Yes, poor social interaction is part of the disorder. Some kids with Asperger’s (AS) and High Functioning Autism (HFA) do seem to lack interest in others and may prefer solitary activities. For example, Ronnie, age 7, was very skilled at building with blocks and Legos. However, when another youngster would approach to try to join his play, he would become extremely angry, not wanting his play to be disturbed.
Inappropriate overtures towards others, or inappropriate responses to the approaches of other people are common occurrences. Michael, age 6, was fascinated with his next-door neighbor, Tyler, a toddler of 18 months. Unfortunately, his way of showing his interest in Tyler was hitting him over the head. Another youngster with Asperger’s, Craig, was somewhat more sophisticated in his technique. His way of showing his interest was throwing his arms around another youngster in a bear hug.
Difficulty forming friendships is a common fact of life for kids on the autism spectrum. Interestingly, what these kids mean by friendship may be decidedly different from what their typically developing peers mean. For example, Carson repeatedly referred to another youngster in his school, Brandon, as his best friend, although no one had observed the two boys talking or playing together. When asked what makes them friends, Carson replied that Brandon said hello to him.
Impairment in group play with peers is another common difficulty. Unfortunately, most of the team sports so common to school-age kids are terribly difficult for kids on the spectrum. Their troubles with social interaction and peer relationships make organized group sports a real challenge. Oftentimes, sports in which individual achievement is stressed (e.g., track, archery, fishing) are more successful.
Also, these young people have difficulty sharing enjoyment. They are less likely than their typical peers to share objects (e.g., food or toys) with others. They are not as likely to show others any items in which they are interested. And, they generally make more limited efforts to share feelings of enjoyment with peers.
So what can you do to help? Here are some tips:
1. Teach and model compassion. By giving your “special needs” youngster the skills he needs to be confident and compassionate, you increase the likelihood that friends will eagerly come into his life. And friends will give his life a richness and happiness he will always treasure.
2. Show your youngster how to be a good friend and make friends. The best way is to model the behavior you would like to see. There are several ways you can accomplish this at home: (a) be kind, give compliments, wave to a friend, and open the door for someone; (b) be understanding of what others are going through by showing empathy; (c) don’t complain, instead teach your son to accept what can't be changed by working hard to change the things that can; (d) have a sense of humor about yourself and your shortcomings; (e) help your youngster realize his own strengths; and (f) listen to your youngster without criticism.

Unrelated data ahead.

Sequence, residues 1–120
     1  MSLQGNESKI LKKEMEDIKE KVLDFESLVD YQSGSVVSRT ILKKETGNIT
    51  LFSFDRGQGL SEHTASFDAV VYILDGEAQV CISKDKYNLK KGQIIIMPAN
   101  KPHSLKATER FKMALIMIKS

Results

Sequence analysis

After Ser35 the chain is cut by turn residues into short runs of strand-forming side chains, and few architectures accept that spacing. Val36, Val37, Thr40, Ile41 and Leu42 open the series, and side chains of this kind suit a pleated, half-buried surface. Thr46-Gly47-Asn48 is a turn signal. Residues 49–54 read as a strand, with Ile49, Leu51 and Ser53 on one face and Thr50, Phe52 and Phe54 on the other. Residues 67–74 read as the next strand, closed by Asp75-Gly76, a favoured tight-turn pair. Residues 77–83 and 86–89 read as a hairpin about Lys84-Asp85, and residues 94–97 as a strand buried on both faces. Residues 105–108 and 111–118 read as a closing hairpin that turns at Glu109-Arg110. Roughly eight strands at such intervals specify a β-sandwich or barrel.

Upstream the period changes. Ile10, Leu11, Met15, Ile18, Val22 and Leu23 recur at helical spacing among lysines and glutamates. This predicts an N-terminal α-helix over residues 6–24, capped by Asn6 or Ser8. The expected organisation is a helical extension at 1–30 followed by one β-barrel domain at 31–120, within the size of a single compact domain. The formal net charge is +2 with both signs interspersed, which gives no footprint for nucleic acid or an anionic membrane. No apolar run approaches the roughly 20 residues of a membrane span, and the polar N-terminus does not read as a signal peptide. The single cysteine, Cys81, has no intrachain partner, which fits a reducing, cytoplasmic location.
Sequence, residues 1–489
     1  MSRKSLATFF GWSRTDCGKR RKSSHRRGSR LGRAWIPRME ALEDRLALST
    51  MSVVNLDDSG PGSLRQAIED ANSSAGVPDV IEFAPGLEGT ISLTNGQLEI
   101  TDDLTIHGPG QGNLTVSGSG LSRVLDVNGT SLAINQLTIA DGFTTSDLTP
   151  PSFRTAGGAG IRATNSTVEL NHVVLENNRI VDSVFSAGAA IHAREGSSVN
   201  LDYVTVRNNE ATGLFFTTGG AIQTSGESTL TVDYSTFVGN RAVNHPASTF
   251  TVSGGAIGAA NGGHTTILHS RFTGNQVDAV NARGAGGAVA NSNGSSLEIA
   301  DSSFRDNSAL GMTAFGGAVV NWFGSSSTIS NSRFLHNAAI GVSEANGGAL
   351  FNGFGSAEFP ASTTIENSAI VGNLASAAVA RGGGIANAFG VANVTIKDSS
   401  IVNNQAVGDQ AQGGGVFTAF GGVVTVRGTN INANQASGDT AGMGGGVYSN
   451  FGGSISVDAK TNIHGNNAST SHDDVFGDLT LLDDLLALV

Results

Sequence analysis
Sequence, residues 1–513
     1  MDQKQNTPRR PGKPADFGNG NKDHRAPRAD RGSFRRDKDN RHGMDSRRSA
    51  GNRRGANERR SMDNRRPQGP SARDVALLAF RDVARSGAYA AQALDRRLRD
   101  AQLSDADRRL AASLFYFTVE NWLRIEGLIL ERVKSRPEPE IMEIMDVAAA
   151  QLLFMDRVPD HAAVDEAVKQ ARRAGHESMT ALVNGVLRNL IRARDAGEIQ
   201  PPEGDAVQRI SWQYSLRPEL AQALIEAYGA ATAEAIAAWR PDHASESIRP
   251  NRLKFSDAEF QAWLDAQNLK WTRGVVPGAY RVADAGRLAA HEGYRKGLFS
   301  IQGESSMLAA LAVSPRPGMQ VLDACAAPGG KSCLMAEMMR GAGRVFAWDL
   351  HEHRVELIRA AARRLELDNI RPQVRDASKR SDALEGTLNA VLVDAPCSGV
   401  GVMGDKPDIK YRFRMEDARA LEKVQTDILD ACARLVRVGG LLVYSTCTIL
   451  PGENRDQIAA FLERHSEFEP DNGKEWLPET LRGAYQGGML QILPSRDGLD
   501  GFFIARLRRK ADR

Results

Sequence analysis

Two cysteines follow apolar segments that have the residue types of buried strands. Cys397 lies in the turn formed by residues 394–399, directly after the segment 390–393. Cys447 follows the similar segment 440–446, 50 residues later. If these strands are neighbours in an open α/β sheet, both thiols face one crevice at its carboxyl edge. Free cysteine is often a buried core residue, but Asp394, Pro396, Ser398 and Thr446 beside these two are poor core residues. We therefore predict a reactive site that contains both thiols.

3. Plan for some unstructured play time. Giving AS and HFA kids some unstructured time to play is important, because they learn the social skills they need so they can keep playing and have fun.
4. Offer a variety of opportunities for play and socializing. Host friends over for play dates or lunch. See if you can participate in a carpool and sign-up your youngster for group activities (e.g., art, drama, dance). Exposing him to different areas of play will help him learn to socialize.
5. Include your youngster when talking to people out of his normal range of peers. Take him to visit a neighbor, or bring him along to the dry cleaner. The more he is exposed to interacting with all kinds of people, the more he will learn to do the same.
6. Empathize with your youngster’s pain, but keep it in perspective. Making friends is a lifelong process and will have its ups and downs. Pain, unfortunately, is a part of it. All kids will experience some form of ‘normal’ social pain in their friendships. We can support them by listening and acknowledging their feelings.
Teaching Social Skills and Emotion Management